Efficiently executed action sequences:

While the races in the film are by no means as pulse-pounding and inspiring as in films like “Rush” or “Ford vs. Ferrari”, they are efficiently done. What propels the interest of the audience in the race is not just the action that is on display but the idea of a SIMS racer performing on a real race track. This lingering idea of such an implausible feat being pulled off by the young adults was always on my mind and it definitely elevated the action on display to a much greater level. There was enough drama in the action and just enough finesse and technicalities to keep the action interesting and prevent it from feeling repetitive. If that was not enough, the story has some interesting twists and turns to offer to its viewers that I’m not sure were true but did contribute to the storytelling and made the film a lot more interesting.

Madekwe’s stellar portrayal of the protagonist

Let’s be honest. A lot of the film’s impact depended on how Archie Madekwe portrayed the character of the protagonist, Jann. He had to be able to convey every emotion, turmoil, struggle, and tragedy of the character for the audience to resonate with both the character and the story. Blomkamp never took the campy, fun route with the story, nor did he adopt the action-oriented approach of films like “Fast and Furious”. This placed the drama and intrigue of the film in the hands of the actors, who had to build relationships with the audience, make them care for the characters, and then evoke a range of emotions from them throughout the film. Thankfully, Archie Madekwe is pitch-perfect as the protagonist and is able to sell the character completely. I could resonate with his acting, and his emotions felt very genuine. He never goes over the top and remains firmly rooted in the extent to which the character’s emotions allow him to venture. He is able to portray the character’s awkward side, as well as the surprise and disbelief at what life was bringing to him. All these factors combine to create an impact through the essay of Archie Madekwe and add much-needed credibility to the primary character of the film.

Great supporting cast:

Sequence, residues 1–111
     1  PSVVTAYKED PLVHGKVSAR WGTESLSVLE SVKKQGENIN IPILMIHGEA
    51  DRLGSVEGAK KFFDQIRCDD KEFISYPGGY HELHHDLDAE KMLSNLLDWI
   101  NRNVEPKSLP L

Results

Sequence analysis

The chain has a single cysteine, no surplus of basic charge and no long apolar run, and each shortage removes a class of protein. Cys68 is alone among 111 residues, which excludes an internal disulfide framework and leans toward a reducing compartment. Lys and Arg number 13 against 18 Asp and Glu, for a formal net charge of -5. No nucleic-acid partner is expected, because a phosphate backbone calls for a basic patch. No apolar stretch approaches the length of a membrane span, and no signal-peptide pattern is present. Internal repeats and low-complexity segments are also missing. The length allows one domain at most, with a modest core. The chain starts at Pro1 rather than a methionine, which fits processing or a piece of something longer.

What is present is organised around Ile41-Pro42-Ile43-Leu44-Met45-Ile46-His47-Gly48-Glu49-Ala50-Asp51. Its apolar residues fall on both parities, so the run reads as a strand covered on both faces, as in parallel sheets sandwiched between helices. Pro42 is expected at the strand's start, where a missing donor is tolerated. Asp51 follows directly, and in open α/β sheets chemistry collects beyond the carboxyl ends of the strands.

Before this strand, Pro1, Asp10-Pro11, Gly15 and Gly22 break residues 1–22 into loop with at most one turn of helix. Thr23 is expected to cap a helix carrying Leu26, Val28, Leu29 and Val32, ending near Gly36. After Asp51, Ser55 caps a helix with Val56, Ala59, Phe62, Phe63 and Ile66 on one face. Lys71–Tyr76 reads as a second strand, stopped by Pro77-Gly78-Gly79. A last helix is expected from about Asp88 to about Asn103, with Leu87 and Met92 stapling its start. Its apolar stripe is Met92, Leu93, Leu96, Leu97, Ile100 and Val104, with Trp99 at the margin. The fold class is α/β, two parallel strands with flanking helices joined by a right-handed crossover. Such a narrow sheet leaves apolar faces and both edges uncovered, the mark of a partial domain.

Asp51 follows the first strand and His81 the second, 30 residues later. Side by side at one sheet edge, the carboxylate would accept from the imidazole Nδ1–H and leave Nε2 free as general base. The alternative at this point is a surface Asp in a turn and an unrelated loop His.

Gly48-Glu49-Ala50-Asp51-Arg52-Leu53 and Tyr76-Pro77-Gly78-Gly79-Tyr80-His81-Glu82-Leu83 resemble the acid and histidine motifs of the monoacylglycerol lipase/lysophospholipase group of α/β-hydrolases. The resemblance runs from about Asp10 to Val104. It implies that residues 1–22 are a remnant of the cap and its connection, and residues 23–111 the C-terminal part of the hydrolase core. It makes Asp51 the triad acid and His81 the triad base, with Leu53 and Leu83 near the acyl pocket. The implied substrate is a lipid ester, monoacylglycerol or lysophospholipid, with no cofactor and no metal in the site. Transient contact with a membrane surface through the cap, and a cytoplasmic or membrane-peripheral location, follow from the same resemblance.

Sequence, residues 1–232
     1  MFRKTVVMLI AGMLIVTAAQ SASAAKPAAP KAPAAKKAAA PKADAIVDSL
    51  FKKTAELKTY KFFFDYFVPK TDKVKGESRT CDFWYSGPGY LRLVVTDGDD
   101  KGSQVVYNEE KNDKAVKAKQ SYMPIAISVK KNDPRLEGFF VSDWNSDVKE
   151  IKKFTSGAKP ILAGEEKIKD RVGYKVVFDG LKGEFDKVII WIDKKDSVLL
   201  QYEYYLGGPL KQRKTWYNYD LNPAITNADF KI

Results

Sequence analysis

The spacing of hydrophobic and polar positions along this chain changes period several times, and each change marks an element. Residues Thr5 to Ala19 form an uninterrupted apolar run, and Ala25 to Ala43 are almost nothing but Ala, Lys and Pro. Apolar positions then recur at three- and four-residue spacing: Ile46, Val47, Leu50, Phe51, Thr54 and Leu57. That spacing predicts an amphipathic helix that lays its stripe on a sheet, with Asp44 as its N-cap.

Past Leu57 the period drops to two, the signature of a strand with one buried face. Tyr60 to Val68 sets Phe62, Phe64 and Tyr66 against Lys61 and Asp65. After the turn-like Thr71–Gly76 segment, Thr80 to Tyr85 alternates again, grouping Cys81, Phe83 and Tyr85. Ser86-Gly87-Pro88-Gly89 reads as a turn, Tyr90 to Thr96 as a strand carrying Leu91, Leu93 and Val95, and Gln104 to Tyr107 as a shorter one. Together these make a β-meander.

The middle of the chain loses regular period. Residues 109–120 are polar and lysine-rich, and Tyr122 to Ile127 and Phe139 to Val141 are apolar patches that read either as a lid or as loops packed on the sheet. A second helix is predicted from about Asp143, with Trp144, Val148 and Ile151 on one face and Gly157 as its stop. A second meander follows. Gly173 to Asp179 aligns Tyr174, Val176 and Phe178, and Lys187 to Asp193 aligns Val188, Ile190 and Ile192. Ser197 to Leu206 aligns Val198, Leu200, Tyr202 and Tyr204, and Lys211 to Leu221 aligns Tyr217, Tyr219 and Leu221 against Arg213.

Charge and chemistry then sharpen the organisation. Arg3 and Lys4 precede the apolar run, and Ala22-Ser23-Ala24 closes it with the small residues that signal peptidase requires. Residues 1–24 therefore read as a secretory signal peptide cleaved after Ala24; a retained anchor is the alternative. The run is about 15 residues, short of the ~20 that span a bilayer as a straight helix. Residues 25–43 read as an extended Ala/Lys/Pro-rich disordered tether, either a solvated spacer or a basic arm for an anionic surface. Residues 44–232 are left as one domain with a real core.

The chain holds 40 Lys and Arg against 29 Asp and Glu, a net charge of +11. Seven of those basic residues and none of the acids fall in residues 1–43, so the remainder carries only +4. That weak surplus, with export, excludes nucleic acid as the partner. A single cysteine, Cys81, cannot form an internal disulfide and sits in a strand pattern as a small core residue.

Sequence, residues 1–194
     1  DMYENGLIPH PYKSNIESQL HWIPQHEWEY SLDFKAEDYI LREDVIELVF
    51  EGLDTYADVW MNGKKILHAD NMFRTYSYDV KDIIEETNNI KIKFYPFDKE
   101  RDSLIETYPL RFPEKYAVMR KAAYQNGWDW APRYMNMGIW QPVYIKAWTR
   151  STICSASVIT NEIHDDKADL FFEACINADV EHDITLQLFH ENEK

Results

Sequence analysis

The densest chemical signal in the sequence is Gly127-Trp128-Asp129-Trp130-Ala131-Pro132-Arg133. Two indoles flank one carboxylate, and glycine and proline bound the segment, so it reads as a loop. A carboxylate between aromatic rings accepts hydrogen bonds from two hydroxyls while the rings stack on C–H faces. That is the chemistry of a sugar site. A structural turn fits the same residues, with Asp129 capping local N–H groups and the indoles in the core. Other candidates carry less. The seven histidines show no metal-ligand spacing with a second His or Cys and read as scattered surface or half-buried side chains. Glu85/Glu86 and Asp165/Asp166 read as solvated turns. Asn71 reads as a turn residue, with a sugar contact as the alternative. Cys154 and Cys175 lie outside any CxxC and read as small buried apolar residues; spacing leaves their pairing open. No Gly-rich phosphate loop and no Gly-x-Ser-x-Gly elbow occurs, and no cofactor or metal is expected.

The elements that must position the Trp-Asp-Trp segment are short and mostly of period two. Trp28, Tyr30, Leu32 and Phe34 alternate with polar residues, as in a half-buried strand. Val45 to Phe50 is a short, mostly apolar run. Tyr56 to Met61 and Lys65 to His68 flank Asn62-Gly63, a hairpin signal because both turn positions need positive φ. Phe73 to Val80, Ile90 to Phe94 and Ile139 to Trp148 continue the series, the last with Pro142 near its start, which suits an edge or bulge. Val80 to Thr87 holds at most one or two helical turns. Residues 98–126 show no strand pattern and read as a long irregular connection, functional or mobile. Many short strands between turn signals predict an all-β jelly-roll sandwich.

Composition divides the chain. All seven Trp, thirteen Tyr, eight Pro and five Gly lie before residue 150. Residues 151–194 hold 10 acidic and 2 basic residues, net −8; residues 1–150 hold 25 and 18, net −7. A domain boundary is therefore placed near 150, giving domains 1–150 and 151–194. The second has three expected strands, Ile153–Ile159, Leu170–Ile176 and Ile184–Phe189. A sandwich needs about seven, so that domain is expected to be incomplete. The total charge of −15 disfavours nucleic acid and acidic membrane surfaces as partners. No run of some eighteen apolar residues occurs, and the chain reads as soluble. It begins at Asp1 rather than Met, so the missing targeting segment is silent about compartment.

Orlando Bloom as a charismatic sales executive who would stop at nothing to make his plan work, David Harbour as a cynical coach who learns to accept the magic in life that allows impossible feats to be achieved by unassuming individuals, and Djimon Hounsou as a stereotypical father who wants the best for his son but is unable to understand his heart’s desires, are all terrific in their portrayals. They are the ones who make each and every sequence they appear in worth watching.

Final words:

“Gran Turismo” is not your run-of-the-mill actioner where the story is only used as a reason to navigate between action set pieces. Here, the story, emotions, drama, turmoil, and struggle take centre stage, and the many race sequences work only as a release of the underlying drama or as a means to achieve one’s worth in life. The performances elevate the film higher than a film of this nature generally aspires for. The incredible true story is the biggest shocker and looms large throughout the film. Archie Madekwe as the protagonist does a great job of being relatable and impactful in his portrayal. Blomkamp’s astute direction is on display, and he surprised me by making a film of this nature that is so far from what he usually enjoys making. If you are ready to let the characters’ dynamics engulf you and aren’t disappointed by realistic race sequences that stay true to the real deal and offer little out-of-the-world histrionics and drama, “Gran Turismo” will definitely impress you.

Rating: 3/5 (3 out of 5 Stars)

The views expressed in this article are that of the reviewer and do not reflect EastMojo’s position.